AUG 21, 2014 09:45 AM PDT
Pathway based analyses for genetic susceptibility to cancer and autoimmune disease
Presented at the Genetics and Genomics Virtual Event
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  • Associate Director for Population Sciences, Professor of Community and Family Medicine at the Geisel School of Medicine, Norris Cotton Cancer Center, Dartmouth College
      Dr. Amos moved in September, 2012 to the Geisel School of Medicine, where he is leading the Center for Genomic Medicine and serving as the Associate Cancer Center Director for Population Studies. Dr. Amos is leading studies to identify genetic risk factors for lung cancer and melanoma risk using genome-wide association and sequencing approaches. Dr. Amos leads a U19 grant entitled Transdisciplinary Research in Cancer of the Lung (TRICL) to identify genetic factors for lung cancer and interactions with smoking, study these factors in cell biological and animal models and to perform epidemiological studies of gene and environmental contributions to lung cancer risk. This grant includes 16 subcontracts and integrates work from an international consortium. Dr. Amos has served as the leader of the biostatistics core for the Genetic Epidemiology of Lung Cancer Consortium (GELCC) since its inception. With the move to Dartmouth he has replicated the computing environment that manages studies for GELCC and TRICL. Dr. Amos also provides direction for a grant that characterizes and sequences nicotinic receptors and uses fMRI to investigate effects of nicotinic receptor variants on responses to smoking cues. Dr. Amos has also worked extensively in the genetic epidemiology of colon cancer. He developed a Peutz-Jeghers syndrome registry while at M.D. Anderson Cancer Center. He has also studied genetic risk factors for sporadic colon cancer and hereditary nonpolyposis colon cancer. Dr. Amos has developed novel statistical approaches for gene-environment interaction analysis and for the identification of genes influencing complex diseases using either association based approaches or genetic linkage analysis.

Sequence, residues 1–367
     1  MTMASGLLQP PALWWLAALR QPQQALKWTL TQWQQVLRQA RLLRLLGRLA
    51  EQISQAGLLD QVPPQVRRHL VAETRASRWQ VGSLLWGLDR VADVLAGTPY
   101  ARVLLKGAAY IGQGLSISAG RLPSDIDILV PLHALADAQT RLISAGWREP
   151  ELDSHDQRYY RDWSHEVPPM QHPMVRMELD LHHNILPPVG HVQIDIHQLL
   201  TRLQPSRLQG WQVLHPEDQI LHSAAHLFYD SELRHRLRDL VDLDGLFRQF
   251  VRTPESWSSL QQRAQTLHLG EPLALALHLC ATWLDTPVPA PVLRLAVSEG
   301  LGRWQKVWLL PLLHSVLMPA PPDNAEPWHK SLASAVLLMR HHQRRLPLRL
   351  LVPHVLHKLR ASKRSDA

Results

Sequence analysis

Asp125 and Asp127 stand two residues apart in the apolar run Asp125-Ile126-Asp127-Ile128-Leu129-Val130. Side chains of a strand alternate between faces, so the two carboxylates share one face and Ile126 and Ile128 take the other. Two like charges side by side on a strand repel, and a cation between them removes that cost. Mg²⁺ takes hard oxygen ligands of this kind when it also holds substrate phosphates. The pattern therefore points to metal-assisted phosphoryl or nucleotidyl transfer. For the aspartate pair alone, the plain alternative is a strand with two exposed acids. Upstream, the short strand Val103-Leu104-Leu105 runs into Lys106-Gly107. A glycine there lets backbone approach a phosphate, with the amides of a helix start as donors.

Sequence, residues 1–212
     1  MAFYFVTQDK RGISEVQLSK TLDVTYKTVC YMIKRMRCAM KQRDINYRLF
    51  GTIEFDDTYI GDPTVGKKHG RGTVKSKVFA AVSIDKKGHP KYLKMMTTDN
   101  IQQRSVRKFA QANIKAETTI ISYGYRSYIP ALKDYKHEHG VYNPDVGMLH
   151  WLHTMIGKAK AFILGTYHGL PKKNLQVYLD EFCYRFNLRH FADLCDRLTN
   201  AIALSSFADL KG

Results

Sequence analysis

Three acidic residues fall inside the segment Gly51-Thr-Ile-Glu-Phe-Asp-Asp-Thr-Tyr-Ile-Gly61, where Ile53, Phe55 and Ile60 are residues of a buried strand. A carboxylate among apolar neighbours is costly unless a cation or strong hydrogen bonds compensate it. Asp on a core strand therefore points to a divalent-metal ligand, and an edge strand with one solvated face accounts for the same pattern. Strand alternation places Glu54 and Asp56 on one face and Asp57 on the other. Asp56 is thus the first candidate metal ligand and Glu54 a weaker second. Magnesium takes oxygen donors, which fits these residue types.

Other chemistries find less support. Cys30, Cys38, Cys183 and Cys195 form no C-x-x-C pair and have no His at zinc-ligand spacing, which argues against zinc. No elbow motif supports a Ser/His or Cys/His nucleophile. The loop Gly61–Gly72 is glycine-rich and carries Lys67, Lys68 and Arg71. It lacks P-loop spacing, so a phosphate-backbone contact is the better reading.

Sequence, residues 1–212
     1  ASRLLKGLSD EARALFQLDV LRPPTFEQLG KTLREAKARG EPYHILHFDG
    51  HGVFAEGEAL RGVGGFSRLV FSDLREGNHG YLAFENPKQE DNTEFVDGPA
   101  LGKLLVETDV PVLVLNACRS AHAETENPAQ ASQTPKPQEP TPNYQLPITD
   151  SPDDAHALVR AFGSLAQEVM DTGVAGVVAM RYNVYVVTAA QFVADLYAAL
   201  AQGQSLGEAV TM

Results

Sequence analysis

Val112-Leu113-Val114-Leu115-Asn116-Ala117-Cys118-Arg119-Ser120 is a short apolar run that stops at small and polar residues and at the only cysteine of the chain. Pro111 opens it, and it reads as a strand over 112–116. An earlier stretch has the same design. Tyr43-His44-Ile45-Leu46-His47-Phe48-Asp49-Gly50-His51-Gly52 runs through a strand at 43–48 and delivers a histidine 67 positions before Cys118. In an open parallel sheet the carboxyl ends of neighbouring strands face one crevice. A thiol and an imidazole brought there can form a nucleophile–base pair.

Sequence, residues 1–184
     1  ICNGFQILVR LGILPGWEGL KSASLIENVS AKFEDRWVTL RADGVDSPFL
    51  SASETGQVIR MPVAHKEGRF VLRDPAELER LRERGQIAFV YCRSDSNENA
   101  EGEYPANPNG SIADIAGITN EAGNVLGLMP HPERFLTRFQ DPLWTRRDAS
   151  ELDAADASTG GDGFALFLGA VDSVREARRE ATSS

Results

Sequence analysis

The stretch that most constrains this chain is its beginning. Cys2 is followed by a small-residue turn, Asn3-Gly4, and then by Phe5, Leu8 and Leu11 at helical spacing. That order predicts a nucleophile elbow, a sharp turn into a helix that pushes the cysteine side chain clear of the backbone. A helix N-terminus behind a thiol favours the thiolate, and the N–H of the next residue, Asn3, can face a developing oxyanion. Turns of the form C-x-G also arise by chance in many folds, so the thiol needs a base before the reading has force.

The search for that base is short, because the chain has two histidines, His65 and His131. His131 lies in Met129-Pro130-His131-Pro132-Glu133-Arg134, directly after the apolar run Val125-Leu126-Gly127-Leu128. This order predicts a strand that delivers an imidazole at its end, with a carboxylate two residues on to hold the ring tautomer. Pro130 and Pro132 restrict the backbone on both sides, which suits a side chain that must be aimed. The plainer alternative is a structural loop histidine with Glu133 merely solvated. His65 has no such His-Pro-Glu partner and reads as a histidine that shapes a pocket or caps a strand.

In this presentation I describe pathway based analyses of genotyping data to identify pathways related to the development of complex diseases, with a focus on lung cancer and selected autoimmune diseases. The goal of this research has been to identify sets of genes that influence disease risk using extensive data that have been developed by collaborative studies. These studies involve research groups from multiple locations across the world, which raises issues about joint analysis of the data. Rather, we adopt an approach in which analyses are performed by center and then merged, to perform first pass meta-analyses. Additionally, we apply novel approaches to organizing the data into pathways while allowing for correlations among markers to reduce discovery of false positive findings. Results from applications to lung cancer and selected autoimmune diseases will be described.

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